There is always this one phone call that you always expected, and when it actually happens, it takes you fully by surprise. Working at the intersection of antiracism and antisemitism, there are two worlds to connect, but more importantly, there are two worlds that will predominantly work to deny the importance of the other.
The phone call came from the editor in chief of a Dutch Jewish Weekly. Smack in the middle of my preparations for the first ever debate with only progressive Jews talking amongst themselves, as part of the Amsterdam Week Against Racism. Perhaps a query about the special nature of this debate, how we managed to secure a spot for Jews in this programming, or perhaps even about the broad line-up of speakers, orthodox to liberal, religious to atheist, cis, queer, trans, of color, jewfro, some familiar and others rising voices? Better yet, perhaps the call was about doing work on antisemitism in progressive spaces? On the dusty road of forging alliances and allyships? Or, wait, they were probably super curious about our broad coalition building (with Asian, Black, Musllim and undocumented peoples organisations), and even more so about our series of brave space Jewish conversations called Mokum Deelt Dapper that deal heads on with antisemitism, conflation Jews-Israel and intersectionality.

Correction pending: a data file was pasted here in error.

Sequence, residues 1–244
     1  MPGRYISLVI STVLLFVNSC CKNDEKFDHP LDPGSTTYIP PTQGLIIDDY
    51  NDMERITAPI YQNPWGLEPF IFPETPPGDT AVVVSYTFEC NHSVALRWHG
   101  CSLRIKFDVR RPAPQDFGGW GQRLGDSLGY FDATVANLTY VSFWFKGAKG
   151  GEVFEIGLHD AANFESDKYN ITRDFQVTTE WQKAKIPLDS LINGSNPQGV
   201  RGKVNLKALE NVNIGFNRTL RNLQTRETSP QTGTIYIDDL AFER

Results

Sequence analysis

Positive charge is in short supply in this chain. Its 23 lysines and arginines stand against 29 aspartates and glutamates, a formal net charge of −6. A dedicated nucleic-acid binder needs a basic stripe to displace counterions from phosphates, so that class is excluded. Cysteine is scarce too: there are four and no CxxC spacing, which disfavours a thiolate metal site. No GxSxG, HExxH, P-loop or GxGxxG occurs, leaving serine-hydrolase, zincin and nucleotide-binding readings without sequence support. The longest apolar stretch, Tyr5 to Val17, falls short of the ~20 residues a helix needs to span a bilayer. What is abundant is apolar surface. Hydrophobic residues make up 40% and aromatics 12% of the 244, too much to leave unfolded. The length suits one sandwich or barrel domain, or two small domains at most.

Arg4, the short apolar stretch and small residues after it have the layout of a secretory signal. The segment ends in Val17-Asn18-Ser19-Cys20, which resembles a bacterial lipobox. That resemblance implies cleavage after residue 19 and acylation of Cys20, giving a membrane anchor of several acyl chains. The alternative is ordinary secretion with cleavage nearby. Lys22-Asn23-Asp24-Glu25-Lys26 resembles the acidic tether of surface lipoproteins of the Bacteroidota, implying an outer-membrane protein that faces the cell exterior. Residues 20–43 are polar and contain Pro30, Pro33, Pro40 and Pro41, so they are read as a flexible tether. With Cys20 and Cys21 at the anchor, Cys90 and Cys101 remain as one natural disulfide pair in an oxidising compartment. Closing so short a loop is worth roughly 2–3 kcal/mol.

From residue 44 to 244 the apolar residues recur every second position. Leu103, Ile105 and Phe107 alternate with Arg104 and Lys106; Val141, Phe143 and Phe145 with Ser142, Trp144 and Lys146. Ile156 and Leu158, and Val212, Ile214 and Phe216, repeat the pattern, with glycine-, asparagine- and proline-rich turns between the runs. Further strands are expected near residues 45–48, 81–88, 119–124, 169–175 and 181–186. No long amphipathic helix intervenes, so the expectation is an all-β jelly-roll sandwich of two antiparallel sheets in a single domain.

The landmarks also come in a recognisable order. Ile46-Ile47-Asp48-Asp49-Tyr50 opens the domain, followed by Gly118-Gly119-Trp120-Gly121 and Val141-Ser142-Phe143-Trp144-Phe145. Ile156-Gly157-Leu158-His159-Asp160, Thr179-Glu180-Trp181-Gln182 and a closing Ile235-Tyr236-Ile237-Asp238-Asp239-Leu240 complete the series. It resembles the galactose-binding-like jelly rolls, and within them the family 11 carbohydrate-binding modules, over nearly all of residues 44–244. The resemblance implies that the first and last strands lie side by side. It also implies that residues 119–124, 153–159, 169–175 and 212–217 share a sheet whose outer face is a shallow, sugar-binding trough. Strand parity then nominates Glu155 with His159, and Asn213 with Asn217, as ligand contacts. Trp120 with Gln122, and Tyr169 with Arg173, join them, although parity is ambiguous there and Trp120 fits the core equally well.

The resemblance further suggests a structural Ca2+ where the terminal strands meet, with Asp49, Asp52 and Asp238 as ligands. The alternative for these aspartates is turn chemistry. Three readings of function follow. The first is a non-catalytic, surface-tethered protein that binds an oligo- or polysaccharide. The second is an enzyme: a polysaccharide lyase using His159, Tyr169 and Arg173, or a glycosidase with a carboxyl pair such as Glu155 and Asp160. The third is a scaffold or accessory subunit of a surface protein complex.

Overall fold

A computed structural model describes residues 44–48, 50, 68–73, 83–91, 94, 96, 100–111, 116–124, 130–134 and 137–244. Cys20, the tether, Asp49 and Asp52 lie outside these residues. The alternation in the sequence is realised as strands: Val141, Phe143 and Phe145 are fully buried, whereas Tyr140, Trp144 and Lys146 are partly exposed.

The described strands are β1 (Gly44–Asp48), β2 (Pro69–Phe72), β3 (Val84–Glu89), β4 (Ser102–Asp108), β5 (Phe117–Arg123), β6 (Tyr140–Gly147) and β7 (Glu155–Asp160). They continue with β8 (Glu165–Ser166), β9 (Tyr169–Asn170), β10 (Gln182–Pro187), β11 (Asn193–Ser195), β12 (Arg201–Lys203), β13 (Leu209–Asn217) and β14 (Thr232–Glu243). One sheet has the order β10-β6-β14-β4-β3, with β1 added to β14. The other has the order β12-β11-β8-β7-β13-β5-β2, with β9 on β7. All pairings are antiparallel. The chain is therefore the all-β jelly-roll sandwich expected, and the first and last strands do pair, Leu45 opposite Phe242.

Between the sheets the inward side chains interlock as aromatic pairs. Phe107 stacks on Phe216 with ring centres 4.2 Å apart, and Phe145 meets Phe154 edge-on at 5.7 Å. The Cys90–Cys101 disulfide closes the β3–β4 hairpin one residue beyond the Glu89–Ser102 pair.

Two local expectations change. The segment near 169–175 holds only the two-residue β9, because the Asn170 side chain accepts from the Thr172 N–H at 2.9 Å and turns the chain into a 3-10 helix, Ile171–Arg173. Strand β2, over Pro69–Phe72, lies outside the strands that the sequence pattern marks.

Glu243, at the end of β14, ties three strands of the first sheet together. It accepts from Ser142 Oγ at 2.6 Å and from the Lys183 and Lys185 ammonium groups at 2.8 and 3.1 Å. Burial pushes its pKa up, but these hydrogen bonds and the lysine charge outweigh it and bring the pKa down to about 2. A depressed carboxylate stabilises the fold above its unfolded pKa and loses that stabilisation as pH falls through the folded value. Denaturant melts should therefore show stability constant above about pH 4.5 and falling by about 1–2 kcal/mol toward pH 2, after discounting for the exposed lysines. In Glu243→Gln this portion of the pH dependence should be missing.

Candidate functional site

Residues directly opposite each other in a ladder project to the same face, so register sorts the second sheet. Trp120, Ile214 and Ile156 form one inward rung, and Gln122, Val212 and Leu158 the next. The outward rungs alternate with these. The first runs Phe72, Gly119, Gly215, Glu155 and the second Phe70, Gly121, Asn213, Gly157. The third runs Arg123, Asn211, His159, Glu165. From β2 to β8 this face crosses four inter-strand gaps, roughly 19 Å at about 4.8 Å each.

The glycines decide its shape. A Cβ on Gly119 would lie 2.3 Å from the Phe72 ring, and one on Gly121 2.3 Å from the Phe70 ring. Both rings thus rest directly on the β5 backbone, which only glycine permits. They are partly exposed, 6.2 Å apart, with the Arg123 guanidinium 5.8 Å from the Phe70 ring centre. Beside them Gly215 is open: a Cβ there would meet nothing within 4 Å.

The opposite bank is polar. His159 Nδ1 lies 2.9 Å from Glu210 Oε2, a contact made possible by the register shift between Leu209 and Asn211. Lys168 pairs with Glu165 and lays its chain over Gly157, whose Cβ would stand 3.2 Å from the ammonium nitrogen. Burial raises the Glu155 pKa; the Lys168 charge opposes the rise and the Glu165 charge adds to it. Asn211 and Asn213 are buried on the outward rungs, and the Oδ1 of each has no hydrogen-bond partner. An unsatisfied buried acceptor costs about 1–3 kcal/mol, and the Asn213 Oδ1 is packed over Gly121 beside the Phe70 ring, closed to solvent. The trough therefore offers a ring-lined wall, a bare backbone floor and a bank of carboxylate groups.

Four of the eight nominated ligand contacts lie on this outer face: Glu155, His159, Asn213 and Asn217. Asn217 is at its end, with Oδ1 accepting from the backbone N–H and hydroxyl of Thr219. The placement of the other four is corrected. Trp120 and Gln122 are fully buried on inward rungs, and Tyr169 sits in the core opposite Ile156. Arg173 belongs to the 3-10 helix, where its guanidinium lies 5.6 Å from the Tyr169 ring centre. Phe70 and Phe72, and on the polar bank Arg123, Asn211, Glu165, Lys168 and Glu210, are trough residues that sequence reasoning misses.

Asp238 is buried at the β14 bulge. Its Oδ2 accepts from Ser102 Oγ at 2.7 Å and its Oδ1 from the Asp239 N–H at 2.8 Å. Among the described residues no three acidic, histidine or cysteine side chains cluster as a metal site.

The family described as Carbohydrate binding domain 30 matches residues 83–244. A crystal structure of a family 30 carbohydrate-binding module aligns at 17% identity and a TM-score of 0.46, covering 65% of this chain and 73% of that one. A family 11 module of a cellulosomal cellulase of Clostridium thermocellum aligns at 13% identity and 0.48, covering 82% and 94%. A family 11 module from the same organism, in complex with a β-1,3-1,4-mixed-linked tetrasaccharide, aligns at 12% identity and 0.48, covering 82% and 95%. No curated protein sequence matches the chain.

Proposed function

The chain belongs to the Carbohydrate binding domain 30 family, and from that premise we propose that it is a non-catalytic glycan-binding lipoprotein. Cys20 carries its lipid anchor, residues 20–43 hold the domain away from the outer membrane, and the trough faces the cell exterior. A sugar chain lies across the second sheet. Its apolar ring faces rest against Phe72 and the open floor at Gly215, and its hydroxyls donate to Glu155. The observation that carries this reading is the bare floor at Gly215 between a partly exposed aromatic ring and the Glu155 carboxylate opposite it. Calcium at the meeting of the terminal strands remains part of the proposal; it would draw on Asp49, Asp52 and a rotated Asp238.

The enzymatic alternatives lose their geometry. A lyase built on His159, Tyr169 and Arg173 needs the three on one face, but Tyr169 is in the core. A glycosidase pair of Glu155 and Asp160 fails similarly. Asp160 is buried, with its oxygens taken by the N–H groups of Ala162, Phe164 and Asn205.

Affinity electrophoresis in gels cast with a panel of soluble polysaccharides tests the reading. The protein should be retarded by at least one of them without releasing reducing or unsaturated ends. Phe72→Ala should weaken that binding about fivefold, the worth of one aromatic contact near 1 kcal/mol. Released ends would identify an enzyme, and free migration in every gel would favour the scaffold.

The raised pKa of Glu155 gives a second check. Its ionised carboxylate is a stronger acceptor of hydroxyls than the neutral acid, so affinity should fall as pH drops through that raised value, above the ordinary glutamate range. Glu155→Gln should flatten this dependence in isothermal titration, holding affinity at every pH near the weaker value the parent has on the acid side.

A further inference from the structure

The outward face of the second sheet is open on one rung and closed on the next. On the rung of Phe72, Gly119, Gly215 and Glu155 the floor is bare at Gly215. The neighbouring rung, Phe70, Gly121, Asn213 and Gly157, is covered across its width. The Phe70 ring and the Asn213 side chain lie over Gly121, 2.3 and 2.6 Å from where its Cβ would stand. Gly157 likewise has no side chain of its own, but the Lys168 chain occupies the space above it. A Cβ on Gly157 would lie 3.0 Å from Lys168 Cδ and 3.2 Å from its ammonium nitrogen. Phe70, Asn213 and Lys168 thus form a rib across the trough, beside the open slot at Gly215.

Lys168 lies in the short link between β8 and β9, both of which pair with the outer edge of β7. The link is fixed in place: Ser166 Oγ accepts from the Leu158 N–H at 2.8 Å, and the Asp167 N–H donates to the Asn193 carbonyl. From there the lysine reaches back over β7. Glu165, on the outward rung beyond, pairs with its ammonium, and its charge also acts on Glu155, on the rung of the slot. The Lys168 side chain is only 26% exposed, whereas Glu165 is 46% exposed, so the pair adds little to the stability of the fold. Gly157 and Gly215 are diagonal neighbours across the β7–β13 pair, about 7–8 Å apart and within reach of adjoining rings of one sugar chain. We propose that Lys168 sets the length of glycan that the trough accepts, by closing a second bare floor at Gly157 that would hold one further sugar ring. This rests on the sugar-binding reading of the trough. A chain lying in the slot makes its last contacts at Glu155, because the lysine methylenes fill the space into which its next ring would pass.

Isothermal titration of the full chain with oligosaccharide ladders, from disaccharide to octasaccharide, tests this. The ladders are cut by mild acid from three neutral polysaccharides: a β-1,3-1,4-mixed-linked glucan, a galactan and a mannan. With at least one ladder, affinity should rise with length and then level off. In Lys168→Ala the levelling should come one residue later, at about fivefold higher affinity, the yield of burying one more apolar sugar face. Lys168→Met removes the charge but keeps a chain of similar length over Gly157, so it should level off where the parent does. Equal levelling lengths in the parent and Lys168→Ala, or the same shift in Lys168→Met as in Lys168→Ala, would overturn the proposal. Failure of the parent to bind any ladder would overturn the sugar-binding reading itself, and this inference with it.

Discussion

But no, this was not how the conversation went down. Instead, she asked me to comment on the spot on an article that would appear soon in the Jewish Weekly, that would be, let’s say, ‘exposing’ us in loud language. I will spare you the tendentious comments that I had to listen to and rather highlight the underlying rhetorical mechanism that both fascinates me and troubles me a lot lately. The mechanism functions as follows: bridging between antiracism and antisemitism, you will become both a traitor for the one and a sellout for the other. This week alone, we have been called (as a curse word) zionist! (no we aren’t) and antizionist! (nope, still not right), white fragility majority (what?) and a fringe phenomenon within a minority (okay, you just wait) – I could go on. The point is, these are all dichotomies. Ends of extremes. Not bridges. And we apparently are all of it.
One of the biggest hangups of the editor in chief was the sturdy belief that we, Jewish progressives, are sucking up to the intersectional movements as token Jews, that we are not standing up to the anti-Jewish problematic sentiments within these movements and that in general we don’t care about antisemitism. When I asked her: “Esther, did you check our website or any of our social media outings to find out for yourself?”, she hadn’t. The article appeared today in the NIW Nieuw Israëlitisch Weekblad. Read it and let’s have this conversation.